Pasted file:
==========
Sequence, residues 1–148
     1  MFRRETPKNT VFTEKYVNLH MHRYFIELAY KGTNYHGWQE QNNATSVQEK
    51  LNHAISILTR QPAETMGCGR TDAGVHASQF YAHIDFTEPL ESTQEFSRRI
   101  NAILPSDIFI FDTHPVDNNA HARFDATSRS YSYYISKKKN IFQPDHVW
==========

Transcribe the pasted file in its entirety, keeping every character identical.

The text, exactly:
Sequence, residues 1–148
     1  MFRRETPKNT VFTEKYVNLH MHRYFIELAY KGTNYHGWQE QNNATSVQEK
    51  LNHAISILTR QPAETMGCGR TDAGVHASQF YAHIDFTEPL ESTQEFSRRI
   101  NAILPSDIFI FDTHPVDNNA HARFDATSRS YSYYISKKKN IFQPDHVW